There are two specific criticisms I'd make, though. The first is that several of the reports contain comments by their "authors" to their commanders, but they refer to the commanders in the third person because other people may make use of the report at a later time. I could handle the reference once or maybe twice, but after that it was just annoying and it probably could have been left out entirely with no one missing it. But that's a very small thing. The second criticism is more significant: an appendix citing sources would have been wonderful. Shattered Sphere's ties to the BattleTech novels are fantastic and the author even thanks the novels' authors in her acknowledgments. I don't think it would have broken suspension of disbelief to step out of character at the end of the book and link novels or sourcebooks to particular events. It would have made the book just that much more useful as a guide to some of that multitude of BattleTech products.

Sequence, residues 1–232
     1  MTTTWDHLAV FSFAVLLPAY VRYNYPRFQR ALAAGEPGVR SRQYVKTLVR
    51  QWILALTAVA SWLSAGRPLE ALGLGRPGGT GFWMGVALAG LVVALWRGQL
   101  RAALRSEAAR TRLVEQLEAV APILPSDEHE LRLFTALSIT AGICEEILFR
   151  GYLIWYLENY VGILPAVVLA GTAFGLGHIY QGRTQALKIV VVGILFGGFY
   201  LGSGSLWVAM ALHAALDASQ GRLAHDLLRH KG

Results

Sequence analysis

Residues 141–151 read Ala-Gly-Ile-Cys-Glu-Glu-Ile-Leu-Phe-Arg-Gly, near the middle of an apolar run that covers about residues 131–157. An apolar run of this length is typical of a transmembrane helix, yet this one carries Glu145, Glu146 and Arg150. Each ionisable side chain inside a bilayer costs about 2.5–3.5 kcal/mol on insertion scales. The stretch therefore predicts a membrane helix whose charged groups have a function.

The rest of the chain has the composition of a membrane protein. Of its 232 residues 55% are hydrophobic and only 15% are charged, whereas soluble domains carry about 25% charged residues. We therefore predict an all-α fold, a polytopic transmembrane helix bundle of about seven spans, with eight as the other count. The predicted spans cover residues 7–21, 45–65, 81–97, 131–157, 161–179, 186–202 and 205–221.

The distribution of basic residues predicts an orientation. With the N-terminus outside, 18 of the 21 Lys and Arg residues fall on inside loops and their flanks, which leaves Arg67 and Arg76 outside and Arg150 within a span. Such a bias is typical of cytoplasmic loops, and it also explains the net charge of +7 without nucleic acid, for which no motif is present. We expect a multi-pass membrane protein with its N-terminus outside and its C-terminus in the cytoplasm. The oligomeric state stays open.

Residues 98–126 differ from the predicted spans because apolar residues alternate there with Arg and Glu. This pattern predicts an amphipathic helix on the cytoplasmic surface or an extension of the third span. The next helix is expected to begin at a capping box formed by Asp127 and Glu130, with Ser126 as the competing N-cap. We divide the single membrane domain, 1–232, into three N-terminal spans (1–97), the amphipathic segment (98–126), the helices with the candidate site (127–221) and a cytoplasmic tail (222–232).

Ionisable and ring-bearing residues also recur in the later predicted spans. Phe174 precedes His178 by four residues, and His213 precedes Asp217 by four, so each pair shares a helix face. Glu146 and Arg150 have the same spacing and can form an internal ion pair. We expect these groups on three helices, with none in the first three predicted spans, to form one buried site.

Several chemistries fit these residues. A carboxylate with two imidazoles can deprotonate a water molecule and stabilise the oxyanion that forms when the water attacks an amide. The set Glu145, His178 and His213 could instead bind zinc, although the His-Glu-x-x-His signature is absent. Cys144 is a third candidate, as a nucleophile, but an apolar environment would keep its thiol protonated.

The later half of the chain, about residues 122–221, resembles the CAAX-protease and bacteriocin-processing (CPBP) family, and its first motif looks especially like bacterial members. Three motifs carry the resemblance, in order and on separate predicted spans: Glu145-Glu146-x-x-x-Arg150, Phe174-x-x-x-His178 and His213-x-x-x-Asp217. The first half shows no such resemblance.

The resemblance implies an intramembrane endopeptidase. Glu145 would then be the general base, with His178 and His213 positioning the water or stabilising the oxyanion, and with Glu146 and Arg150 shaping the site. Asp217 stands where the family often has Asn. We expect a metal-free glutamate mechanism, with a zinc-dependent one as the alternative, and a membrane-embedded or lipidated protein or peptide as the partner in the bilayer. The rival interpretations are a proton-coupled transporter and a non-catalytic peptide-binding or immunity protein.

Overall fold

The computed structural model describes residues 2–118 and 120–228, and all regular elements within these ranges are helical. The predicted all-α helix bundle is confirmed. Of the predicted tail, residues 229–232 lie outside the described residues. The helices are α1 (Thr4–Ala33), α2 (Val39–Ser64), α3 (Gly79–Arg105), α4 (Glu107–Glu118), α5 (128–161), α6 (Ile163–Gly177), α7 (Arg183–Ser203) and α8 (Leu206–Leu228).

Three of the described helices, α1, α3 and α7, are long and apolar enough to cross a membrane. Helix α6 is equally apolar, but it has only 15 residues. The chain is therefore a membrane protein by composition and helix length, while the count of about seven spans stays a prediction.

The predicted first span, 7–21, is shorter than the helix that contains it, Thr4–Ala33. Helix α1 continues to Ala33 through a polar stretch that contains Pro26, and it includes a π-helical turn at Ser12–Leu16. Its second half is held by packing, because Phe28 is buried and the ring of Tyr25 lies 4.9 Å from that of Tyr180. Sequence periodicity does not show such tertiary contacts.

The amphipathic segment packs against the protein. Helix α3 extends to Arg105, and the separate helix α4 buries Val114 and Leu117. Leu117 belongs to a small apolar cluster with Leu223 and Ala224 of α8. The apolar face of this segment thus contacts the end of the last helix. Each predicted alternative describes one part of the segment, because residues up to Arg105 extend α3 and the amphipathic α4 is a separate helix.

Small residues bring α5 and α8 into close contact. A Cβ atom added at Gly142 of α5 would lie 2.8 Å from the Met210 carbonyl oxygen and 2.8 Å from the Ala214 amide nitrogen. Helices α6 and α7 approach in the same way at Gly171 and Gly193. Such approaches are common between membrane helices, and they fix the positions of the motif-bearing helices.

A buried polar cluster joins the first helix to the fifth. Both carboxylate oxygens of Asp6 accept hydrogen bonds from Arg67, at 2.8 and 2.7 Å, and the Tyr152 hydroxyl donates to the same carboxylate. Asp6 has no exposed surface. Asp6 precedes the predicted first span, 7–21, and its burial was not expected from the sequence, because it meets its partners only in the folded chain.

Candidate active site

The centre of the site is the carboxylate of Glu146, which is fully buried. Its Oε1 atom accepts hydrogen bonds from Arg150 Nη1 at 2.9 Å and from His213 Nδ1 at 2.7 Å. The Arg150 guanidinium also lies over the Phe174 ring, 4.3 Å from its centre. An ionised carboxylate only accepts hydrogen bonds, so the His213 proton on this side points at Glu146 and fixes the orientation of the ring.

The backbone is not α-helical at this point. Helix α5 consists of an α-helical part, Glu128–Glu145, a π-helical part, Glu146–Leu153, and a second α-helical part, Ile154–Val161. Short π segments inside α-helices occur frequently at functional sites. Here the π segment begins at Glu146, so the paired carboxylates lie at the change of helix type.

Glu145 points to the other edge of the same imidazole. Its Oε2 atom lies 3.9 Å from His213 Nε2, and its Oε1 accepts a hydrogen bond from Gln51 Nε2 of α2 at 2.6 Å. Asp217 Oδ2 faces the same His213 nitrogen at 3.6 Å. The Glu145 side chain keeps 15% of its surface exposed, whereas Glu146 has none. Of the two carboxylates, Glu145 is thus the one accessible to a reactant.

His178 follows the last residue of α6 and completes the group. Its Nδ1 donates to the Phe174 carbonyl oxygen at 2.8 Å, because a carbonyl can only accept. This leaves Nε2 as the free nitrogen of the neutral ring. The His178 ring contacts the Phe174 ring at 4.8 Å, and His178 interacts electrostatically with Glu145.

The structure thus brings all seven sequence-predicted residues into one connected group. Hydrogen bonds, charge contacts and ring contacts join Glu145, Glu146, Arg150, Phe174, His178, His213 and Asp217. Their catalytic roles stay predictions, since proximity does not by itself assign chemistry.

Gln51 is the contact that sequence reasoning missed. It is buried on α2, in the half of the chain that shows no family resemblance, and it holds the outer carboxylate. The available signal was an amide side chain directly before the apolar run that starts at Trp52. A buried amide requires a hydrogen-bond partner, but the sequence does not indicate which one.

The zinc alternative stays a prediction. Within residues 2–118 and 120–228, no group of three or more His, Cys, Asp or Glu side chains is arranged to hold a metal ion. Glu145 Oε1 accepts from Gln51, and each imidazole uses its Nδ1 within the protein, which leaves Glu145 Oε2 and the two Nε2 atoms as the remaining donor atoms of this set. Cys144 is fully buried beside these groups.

The other thing you might notice about Shattered Sphere is that you won't find more than the barest sense of culture here -- the Capellan Confederation is clearly Chinese in heritage, the Draconis Combine Japanese, the Free Worlds Alliance militaristic, etc. -- but again, that's not the purpose of the book. It's a summary and a very fine one. Big product line? No sweat and no more intimidation. Well, not much anyway -- BattleTech is still a big game with lots of bits, but this gives you some sense of what's going on (think of it as basic training for this summer's release of the MechWarrior, Third Edition role-playing game). Whet your appetite for BattleTech with this, then go looking for more.

Copyright © 1999 by Don Bassingthwaite

Don Bassingthwaite is the author of Such Pain (HarperPrism), Breathe Deeply (White Wolf), and Pomegranates Full and Fine (White Wolf), tie-in novels to White Wolf's World of Darkness role-playing games. He can't remember when he started reading science fiction, but has been gaming since high school (and, boy, is his dice arm tired!).